When we arrived, it still wasn’t raining, so we walked round the radio telescope itself.
|the Lovell Telescope|
There were some outdoor exhibits, including a pair of large parabolic dishes a 100 metres or so apart. Speak into one, and you can be heard at the other, as clearly as if you are standing right beside the person.
Around this point we noticed some small metal discs embedded in the grass with the names of the inner planets by them: I can now say that I have stood on the moon! These discs were to scale in size: further off we could see Jupiter and Saturn were not metal discs, but large circular flower beds of daffodils. The discs were also to (a different, much smaller) scale in distance; we knew we would have to walk far to find Uranus and Neptune. So we strolled off to find the outer planets in the gardens.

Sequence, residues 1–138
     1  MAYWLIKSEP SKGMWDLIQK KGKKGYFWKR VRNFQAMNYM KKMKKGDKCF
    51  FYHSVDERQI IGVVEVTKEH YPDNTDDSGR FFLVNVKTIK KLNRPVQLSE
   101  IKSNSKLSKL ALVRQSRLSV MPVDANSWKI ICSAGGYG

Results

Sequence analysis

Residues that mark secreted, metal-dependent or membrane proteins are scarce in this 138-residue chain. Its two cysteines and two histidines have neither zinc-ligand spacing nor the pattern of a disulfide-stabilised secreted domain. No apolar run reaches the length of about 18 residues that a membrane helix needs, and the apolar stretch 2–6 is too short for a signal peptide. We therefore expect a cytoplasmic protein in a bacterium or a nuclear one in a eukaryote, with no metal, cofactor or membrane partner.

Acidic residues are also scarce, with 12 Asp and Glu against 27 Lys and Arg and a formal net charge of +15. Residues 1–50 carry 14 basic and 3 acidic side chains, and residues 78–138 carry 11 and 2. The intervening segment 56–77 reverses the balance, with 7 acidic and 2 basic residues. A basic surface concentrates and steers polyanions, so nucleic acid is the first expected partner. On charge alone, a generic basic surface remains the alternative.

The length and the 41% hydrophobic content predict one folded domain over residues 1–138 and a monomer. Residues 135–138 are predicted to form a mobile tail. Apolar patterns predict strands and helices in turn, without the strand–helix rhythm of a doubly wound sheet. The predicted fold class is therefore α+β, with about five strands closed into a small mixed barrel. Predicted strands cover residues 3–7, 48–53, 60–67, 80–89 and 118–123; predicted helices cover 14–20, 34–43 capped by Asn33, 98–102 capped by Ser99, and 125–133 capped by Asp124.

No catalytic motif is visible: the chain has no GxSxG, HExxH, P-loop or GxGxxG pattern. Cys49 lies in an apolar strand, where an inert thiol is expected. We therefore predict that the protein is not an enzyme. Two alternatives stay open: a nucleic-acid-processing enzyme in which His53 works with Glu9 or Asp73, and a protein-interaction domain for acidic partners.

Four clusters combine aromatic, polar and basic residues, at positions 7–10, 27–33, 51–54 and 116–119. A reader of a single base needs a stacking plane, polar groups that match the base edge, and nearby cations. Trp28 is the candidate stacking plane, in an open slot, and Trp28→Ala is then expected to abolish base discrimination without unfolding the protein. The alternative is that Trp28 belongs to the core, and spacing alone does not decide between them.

We were in for a pleasant surprise:
|Pluto on the planet path trail: yay!|
|Neptune, Pluto, and Eris: red dots not to scale on the map!|
|a gorgeous room-size hand-crankable orrery:|
Mercury, Venus and Earth are visible; the other planets are at the ends of ever longer rods
|Pluto’s been erased|